- Historic Sites
The quietly compelling legend of America’s gentlest pioneer
December 1979 | Volume 31, Issue 1
Anomalous, unassimilable, Johnny Appleseed was a frontiersman who would not eat meat, who wished not to kill so much as a rattlesnake, who pitied the very mosquitoes that flew into the smoke of his campfire. He liked to hear the wolves howl around him at night and was unafraid of bears, yet reportedly slept without shelter one snowy night, rather than roust out of hibernation a mother bear and her cubs who had crept into a hollow tree that he had intended using. Although he would sometimes buy a worn-out horse to save it from mistreatment, boarding it with one of his friends for the winter—and though he scoured the woods in the fall for lame horses that the pioneers, packing their way through the country, had abandoned—apparently he believed that riding the beasts was discourteous to them, and he only employed a horse to carry his bags of seeds or, late in his life, to drag an old wagon.
Though in a sense he was the nation’s paramount orchardist of the nineteenth century, Johnny Appleseed denounced as wickedness the practices of grafting and pruning, by which all commercial fruit is produced, because of the torture he thought such a knifing must inflict on the tree. He was shy in a crowd but a regular sermonizer among people he felt at home with—probably a bit of a bore at times, but no simpleton. In Steubenville, Cincinnati, and Urbana, Ohio, he knew the leading New Church Swedenborgians, and between his arrival in central and northern Ohio and the time of his death, Swedenborgian societies sprang up in at least twelve of the counties there, many individuals testifying that it was Chapman, the colporteur of Christian literature, who had first “planted the seed.”
As a religious enthusiast, he was more on the Franciscan model than the harsh zealots, from Puritan to Mormon, whom American social historians are accustomed to writing about. And as an entrepreneur with considerable foresight about the eventual patterns of settlement, he allowed himself to be utterly clipped and gypped in matters of real estate through much of his life. When somebody jumped one of his land claims, his main concern seemed to be whether they would still let him take care of his apple trees. When he sold apple seedlings, he liked to be paid with an IOU, scarcely having any use for money except to give it away to needy families, and left to God and the debtor’s own conscience the question of whether he was finally paid. Instead, he bartered for potatoes, corn meal, salt and flour, and peddled cranberries—a fruit that the pioneers combined into stews or dried with suet for a midwinter treat. Often he shucked corn, split rails, and girdled trees for his keep. He ate nuts and wild plums in the woods on his trips, and cooked his corn mush, roasted his potatoes, and probably carried Indian-style “journey bread,” which was made by boiling green corn till it was half done, drying it again in the sun, then browning it in hot ashes when ready to eat, pounding it fine, and possibly stirring in birch or maple syrup or summer berries or honey (though Johnny always left enough of that in the comb for the bees to live on). If many people never paid him for the seedlings he distributed so diligently, others returned his kindness by their hospitality to him as he passed back and forth. The belt of territory he worked in shifted gradually westward during the course of his life, but he wintered in the easternmost towns—after his strenuous summers at the borders of settlement—and so would migrate between several homesites, several circles of friends.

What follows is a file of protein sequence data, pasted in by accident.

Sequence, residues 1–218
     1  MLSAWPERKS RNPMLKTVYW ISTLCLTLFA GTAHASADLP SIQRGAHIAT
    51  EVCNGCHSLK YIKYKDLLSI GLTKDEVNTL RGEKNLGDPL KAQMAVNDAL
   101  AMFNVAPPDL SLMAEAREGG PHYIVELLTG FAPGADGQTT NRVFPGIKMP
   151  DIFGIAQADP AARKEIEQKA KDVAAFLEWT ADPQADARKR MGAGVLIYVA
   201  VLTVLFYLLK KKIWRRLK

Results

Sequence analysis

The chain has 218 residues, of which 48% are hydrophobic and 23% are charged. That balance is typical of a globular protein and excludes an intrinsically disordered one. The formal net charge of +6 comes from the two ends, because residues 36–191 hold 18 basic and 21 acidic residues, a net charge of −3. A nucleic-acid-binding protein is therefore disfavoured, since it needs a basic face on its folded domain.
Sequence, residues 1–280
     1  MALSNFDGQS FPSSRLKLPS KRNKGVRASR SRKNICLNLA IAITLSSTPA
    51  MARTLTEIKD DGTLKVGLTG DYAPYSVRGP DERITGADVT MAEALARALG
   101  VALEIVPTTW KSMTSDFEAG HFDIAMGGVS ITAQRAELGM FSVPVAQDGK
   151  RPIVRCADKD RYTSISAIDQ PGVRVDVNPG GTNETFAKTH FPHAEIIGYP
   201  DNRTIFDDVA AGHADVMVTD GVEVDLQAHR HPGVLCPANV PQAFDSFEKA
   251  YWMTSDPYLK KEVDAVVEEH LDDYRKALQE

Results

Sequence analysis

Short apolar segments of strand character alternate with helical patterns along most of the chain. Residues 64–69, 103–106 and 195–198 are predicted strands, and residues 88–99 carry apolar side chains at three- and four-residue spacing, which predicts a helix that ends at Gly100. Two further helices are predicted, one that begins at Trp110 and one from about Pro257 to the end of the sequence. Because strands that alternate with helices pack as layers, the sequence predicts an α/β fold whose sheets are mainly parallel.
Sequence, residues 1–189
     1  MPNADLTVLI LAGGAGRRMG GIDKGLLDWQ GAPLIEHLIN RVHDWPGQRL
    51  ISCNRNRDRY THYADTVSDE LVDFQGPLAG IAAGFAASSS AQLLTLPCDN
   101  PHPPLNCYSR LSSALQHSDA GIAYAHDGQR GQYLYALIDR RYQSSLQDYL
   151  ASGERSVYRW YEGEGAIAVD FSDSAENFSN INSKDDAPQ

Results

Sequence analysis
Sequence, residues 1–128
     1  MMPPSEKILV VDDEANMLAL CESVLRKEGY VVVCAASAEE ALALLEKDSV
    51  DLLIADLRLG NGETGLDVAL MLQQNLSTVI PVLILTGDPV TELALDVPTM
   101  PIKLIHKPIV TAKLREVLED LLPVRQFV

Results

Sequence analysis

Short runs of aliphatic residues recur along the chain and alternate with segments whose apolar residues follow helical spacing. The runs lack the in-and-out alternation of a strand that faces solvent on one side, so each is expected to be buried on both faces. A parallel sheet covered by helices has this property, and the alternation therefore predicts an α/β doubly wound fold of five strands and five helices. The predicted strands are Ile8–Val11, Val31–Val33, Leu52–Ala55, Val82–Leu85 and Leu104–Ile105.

He gave little gifts of tea when he had money, but probably didn’t drink it himself, preferring a biblical drink of milk or milk and honey. He did use snuff, however, and would sip a dram of hard liquor to warm up in cold weather—if one can generalize fairly about his conduct from isolated instances of testimony about five decades of such intense and fervent activity. He was wiry in build, short by our standards but average for then, with peculiarly piercing blue eyes, good teeth, a scanty dark beard that later turned gray, and uncut dark hair, parted down the middle and tucked behind his ears. When not in a coffee sack, he dressed in a collarless tow-linen smock or straight-sleeved coat that hung down to his heels, over a shirt and burr-studded pants that had been traded to him for his apple seeds.
He was quick-talking and restlessly energetic as a visitor, but wind-beaten, hollow-cheeked, and gaunt-looking from eating so little and walking so far. Yet somehow, despite his eccentric demeanor, he was remarkably effective in the impression he made, “some rare force of gentle goodness dwelling in his looks and breathing in his words,” as W. D. Haley wrote in Harper’s New Monthly Magazine for November, 1871, in the first biographical sketch which brought Johnny Appleseed to national attention. Not even small boys made fun of him, knowing his boldness at bearing pain— besides walking barefoot in the snow, he would poke needles into himself without flinching, for the children’s edification. He had a string of good stories of Indians and wolves for them, and presents of ribbon and whatnot that he carried with him to give to their sisters.